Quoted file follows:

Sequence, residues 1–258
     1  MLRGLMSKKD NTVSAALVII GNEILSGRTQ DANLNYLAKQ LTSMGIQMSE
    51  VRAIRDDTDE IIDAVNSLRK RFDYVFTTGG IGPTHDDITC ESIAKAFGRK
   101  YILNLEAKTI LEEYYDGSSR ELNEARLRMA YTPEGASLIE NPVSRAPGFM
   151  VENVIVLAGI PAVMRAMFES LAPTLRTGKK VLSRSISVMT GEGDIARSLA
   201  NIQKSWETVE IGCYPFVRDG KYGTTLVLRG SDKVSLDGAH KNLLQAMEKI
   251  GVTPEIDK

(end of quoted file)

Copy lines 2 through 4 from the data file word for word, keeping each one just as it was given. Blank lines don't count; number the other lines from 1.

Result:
     1  MLRGLMSKKD NTVSAALVII GNEILSGRTQ DANLNYLAKQ LTSMGIQMSE
    51  VRAIRDDTDE IIDAVNSLRK RFDYVFTTGG IGPTHDDITC ESIAKAFGRK
   101  YILNLEAKTI LEEYYDGSSR ELNEARLRMA YTPEGASLIE NPVSRAPGFM